6x 2 + 29x + 35 = (2x ? ) (3x ? )
= (2x + 5) (3x + 7)
We can always check by multiplying; this is left to the reader.
4.3 Factoring Trinomials
902
Chapter 4 Polynomial and Rational Functions
Example 7
Factor: 5x 2 + 16xy + 3y 2 .
Solution:
Since the leading coefficient and the last term are both prime, there is only one
way to factor each.
5 = 1 ⋅ 5 and 3 = 1 ⋅ 3
Begin by writing the factors of the first term, 5x 2 , as follows:
5x 2 + 16xy + 3y 2 = (x
?) (5x
?)
The middle and last term are both positive; therefore, the factors of 3 are
chosen as positive numbers. In this case, the only choice is in which grouping to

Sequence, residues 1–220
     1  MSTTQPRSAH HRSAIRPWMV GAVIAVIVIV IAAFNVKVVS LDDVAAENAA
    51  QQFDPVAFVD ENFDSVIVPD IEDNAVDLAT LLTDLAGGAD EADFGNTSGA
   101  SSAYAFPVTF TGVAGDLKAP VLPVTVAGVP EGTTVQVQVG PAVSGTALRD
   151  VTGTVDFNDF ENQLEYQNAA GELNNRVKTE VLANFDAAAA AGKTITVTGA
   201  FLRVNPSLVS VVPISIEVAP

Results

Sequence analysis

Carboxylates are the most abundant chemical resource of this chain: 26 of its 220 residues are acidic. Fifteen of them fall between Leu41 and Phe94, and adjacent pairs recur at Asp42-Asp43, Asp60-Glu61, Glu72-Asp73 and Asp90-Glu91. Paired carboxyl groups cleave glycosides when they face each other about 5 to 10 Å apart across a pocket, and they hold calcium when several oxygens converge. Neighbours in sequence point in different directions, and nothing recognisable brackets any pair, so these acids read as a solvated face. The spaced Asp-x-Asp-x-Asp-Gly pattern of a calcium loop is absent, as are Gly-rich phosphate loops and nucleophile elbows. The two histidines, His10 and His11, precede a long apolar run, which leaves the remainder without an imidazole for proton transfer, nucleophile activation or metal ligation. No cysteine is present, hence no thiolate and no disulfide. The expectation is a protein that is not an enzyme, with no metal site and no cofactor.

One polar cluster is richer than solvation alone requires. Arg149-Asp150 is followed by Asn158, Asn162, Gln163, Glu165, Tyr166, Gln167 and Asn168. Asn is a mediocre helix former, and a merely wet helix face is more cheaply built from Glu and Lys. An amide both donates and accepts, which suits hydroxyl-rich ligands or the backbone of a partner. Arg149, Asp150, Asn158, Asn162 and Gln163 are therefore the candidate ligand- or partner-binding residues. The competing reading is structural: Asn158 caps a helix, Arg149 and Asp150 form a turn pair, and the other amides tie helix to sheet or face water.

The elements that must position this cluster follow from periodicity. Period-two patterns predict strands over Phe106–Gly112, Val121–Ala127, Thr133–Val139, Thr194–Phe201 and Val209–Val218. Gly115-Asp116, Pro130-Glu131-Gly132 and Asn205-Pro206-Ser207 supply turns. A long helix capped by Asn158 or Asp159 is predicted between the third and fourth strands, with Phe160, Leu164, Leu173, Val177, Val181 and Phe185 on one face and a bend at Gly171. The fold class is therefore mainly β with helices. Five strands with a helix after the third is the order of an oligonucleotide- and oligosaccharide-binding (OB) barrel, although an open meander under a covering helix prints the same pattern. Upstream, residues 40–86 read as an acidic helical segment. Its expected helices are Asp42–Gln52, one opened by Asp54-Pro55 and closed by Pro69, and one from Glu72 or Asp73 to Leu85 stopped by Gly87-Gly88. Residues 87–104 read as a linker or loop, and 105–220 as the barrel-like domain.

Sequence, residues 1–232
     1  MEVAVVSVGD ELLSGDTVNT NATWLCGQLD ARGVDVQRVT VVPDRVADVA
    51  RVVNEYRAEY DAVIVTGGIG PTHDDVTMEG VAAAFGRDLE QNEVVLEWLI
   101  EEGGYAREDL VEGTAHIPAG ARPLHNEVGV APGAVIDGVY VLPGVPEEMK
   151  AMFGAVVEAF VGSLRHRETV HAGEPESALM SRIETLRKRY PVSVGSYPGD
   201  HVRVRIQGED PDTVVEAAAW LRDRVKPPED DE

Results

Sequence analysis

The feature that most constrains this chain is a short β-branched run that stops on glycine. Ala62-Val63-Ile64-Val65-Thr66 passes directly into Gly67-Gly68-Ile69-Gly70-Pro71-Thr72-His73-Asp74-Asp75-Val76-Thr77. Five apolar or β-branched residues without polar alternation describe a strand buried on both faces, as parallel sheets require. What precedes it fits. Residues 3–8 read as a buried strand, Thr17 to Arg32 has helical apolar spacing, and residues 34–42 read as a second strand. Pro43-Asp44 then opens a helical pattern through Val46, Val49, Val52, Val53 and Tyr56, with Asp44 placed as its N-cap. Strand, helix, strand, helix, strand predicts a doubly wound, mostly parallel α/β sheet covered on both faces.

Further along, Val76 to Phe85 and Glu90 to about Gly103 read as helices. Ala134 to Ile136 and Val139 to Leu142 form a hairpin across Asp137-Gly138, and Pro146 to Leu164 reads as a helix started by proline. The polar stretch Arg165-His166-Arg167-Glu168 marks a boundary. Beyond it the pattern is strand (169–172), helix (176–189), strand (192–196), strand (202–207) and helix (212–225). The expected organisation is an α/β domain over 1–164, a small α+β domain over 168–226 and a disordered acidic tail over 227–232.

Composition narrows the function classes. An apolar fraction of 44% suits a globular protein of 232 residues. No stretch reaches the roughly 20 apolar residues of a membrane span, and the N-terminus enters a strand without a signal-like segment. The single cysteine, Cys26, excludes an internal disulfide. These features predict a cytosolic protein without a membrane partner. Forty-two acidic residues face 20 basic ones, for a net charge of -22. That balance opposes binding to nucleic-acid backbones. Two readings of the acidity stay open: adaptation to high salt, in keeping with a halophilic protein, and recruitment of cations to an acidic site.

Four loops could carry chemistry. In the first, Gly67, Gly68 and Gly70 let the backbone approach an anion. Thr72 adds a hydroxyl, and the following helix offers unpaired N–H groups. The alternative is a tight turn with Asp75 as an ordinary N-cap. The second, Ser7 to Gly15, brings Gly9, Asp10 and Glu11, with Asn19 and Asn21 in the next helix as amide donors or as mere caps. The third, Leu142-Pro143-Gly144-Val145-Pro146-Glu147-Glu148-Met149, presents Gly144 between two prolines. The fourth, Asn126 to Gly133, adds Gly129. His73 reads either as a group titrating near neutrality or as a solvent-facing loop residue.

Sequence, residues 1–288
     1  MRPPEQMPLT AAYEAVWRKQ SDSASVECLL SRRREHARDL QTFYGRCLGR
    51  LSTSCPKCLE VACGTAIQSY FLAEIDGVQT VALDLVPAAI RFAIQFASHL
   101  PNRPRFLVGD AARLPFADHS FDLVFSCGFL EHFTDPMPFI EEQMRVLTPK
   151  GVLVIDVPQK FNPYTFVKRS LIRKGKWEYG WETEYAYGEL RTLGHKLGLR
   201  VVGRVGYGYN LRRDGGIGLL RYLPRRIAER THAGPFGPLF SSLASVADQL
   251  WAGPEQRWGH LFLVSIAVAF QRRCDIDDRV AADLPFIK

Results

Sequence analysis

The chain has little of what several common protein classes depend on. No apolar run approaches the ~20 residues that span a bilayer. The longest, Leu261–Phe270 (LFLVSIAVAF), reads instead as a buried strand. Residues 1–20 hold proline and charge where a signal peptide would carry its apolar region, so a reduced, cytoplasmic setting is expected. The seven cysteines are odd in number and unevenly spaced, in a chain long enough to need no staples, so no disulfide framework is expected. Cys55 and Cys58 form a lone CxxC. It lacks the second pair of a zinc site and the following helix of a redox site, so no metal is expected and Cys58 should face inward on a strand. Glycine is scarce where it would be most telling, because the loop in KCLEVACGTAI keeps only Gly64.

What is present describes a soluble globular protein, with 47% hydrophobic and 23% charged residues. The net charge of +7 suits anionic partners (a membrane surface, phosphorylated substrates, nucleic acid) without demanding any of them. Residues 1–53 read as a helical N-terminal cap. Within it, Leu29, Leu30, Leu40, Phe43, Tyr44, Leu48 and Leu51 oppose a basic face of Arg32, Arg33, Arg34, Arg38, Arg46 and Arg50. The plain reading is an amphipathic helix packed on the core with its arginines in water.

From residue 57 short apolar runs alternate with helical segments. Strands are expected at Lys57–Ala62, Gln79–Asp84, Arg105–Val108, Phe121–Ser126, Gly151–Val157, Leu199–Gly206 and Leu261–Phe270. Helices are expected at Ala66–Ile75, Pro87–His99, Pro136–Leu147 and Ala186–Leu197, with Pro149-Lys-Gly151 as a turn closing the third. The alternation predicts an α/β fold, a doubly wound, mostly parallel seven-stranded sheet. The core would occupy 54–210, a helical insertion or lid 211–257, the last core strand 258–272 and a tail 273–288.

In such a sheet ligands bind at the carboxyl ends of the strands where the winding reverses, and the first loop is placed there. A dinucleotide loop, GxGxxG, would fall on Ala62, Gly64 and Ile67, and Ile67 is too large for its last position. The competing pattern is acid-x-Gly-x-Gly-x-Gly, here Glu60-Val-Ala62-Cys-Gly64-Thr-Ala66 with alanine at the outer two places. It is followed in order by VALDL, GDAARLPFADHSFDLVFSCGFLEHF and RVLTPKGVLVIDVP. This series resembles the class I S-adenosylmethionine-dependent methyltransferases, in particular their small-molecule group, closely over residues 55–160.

place these factors.
(x + y) (5x + 3y)
or
(x + 3y) (5x + y)
Determine which grouping is correct by multiplying each expression.
4.3 Factoring Trinomials
903
Chapter 4 Polynomial and Rational Functions
2
2
(x + y) (5x + 3y) = 5x + 3xy + 5xy + 3y
= 5x 2 + 8xy + 3y 2 ✗
2
2
(x + 3y) (5x + y) = 5x + xy + 15xy + 3y
= 5x 2 + 16xy + 3y 2 ✓
Answer: (x + 3y) (5x + y)
4.3 Factoring Trinomials
904
Chapter 4 Polynomial and Rational Functions
Example 8
Factor: 18a2 b2 − ab − 4.
Solution:
First, consider the factors of the coefficients of the first and last terms.
18= 1 ⋅ 18 4 = 1 ⋅ 4
=2 ⋅ 9
=2 ⋅ 2
=3 ⋅ 6
We are searching for products of factors whose sum equals the coefficient of
the middle term, −1. After some thought, we can see that the sum of 8 and −9 is
−1 and the combination that gives this follows:
2 (4) + 9 (−1) = 8 − 9 = −1
Factoring begins at this point with two sets of blank parentheses.
18a2 b2 − ab − 4 = (